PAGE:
By: Mary Beth Wighton, Person with dementia
Date: February 26th, 2017

I can remember when I was young being called a Feminist. I wasn’t too sure what the
word meant, but it was said in a context that made me think it was a “dirty” word. So, of
course I denied it. No, I wasn’t a Feminist!
And then when I was older and knew what the word meant, it still had a “dirty” word
feeling to it. Once again, I denied I was a Feminist – BUT, I did believe in equality of the
sexes! Somewhere along the way, the definition of feminism for me was not a word of
empowerment but rather a radical, risky way to describe oneself. And then for women who
did say there were feminist a nasty group of people ususally called them a “bunch of
It was/is complicated as a young woman to find the inner courage to stand up for herself
and act in a manner that is respectful and self-loving. Women in management and
leadership roles, including myself, have had to deal with off-coloured comments about our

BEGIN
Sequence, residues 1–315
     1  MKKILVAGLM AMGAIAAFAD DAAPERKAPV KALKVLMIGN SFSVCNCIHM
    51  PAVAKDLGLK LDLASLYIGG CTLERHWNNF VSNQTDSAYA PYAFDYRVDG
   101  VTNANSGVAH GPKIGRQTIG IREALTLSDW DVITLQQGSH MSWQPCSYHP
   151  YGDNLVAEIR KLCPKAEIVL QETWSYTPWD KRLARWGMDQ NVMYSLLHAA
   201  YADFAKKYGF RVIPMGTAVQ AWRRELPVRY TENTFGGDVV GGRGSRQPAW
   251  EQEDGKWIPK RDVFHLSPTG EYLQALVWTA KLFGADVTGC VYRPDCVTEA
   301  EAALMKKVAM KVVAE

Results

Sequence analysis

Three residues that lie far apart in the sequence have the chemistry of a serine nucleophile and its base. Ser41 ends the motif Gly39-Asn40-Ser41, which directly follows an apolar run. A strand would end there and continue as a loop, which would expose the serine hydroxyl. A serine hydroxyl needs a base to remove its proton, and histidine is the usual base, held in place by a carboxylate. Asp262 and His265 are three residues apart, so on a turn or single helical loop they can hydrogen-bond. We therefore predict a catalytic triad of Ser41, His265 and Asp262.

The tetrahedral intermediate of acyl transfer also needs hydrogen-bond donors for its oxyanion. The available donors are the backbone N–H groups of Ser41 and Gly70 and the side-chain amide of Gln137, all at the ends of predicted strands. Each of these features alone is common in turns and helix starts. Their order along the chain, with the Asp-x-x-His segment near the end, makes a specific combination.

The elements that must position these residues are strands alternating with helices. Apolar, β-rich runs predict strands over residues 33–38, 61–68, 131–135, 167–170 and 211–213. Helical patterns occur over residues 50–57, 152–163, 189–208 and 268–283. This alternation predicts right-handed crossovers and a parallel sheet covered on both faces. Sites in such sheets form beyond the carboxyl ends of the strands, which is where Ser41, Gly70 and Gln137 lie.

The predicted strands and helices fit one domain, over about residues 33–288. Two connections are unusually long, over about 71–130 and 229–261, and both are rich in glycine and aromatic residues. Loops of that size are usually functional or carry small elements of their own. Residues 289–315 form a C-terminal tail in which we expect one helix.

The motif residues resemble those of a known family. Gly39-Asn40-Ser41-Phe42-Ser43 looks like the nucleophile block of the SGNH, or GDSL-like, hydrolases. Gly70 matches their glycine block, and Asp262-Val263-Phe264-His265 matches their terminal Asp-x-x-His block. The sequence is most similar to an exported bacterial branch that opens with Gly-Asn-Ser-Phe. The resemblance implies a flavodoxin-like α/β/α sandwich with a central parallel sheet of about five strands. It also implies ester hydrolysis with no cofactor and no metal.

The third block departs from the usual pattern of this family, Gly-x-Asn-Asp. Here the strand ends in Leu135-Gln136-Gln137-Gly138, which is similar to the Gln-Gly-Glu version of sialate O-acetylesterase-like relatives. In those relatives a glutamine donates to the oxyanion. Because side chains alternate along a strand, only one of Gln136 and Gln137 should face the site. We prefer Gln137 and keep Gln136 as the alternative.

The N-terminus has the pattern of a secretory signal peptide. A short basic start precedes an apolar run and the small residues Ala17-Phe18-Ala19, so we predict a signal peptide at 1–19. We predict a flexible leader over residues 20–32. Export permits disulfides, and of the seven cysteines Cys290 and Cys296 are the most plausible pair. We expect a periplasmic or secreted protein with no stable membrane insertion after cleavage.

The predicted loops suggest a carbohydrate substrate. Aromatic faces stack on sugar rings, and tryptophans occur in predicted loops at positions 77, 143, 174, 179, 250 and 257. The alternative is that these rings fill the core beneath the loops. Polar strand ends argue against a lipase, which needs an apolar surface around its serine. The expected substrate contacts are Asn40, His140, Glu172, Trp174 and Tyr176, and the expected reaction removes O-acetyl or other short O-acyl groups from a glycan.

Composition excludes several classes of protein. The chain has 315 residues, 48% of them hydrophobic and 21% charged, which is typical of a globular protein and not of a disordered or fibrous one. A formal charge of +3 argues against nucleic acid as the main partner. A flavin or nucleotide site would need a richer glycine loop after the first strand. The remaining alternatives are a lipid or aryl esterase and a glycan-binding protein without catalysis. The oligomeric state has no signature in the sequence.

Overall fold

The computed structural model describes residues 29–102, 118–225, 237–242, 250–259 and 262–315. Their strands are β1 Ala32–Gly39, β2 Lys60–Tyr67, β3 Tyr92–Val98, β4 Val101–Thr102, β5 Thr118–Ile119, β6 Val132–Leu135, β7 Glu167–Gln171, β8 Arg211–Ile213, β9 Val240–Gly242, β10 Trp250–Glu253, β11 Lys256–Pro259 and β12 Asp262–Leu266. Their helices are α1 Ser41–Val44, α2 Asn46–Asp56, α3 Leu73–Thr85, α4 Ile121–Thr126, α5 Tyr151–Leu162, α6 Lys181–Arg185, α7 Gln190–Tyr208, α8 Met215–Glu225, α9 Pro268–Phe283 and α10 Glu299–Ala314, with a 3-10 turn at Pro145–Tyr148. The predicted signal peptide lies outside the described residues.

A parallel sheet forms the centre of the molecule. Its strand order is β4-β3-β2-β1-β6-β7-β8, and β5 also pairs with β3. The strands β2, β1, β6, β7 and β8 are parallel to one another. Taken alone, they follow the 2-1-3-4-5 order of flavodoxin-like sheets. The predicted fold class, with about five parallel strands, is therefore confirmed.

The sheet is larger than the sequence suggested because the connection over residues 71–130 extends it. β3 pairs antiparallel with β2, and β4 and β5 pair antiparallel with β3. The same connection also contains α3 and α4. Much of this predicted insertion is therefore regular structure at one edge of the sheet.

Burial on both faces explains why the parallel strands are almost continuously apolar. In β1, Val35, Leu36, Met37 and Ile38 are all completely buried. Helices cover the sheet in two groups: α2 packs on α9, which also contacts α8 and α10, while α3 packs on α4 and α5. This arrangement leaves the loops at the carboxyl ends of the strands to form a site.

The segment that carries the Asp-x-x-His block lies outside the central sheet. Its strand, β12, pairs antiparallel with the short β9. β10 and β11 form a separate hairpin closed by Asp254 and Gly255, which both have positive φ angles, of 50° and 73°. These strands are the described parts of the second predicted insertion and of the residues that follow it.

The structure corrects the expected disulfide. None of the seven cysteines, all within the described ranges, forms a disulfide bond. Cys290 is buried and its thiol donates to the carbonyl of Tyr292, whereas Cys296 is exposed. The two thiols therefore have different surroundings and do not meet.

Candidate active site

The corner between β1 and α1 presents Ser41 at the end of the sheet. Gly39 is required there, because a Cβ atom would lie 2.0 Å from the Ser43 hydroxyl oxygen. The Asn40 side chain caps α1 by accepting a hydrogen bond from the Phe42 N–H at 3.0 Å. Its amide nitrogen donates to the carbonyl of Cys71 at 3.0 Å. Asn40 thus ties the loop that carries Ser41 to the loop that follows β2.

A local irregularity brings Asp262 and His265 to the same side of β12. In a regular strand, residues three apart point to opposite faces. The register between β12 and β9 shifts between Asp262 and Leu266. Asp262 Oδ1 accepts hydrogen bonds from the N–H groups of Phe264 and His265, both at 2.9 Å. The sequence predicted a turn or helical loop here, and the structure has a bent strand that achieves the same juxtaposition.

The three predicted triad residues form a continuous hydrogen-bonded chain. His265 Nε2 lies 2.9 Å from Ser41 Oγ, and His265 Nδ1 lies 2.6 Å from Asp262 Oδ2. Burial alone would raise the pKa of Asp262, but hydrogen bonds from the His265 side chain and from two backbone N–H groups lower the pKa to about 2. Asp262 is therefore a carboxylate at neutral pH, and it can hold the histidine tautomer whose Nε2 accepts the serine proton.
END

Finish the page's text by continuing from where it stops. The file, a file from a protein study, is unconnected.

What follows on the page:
management styles. If a man acted in the same manner, there wouldn’t be such comments.
I now say I am a Feminist – and I say it proudly. The definition of a feminist has not
changed since I was a young girl. It is I who has changed, matured and have grown
confident in my own beliefs. It still is “A feminist is a person who believes that men and
women are equal (though not necessarily the same), and should be entitled to equal rights,
equal treatment, and equal opportunity.”
Over the last few months, I have watched in fascination and awe, the world coming
together and rise up! On January 21 2017, over three million women boarded buses and
took to the streets in the United States. Across the world, women followed in an incredible
movement with the message: women matter.
“We the people” has taken back its meaning and refers to all people regardless of sex, race,
religion, and sexual orientation. We are once again at a moment in history where the
people have had enough and are rising up. The Women’s Marches around the world is
one of power and unison. It is a reminder for all of us that we can make a difference – we
just need to keep adding more people to the cause.
It is also the time to teach our young ones, regardless of sex, that feminism is not a “dirty
word” but one of power and pride. Teach them young.
The time to stand up for our human rights has never been greater. Feminism is just one
component of it.

Copyright 2017 Mary Beth Wighton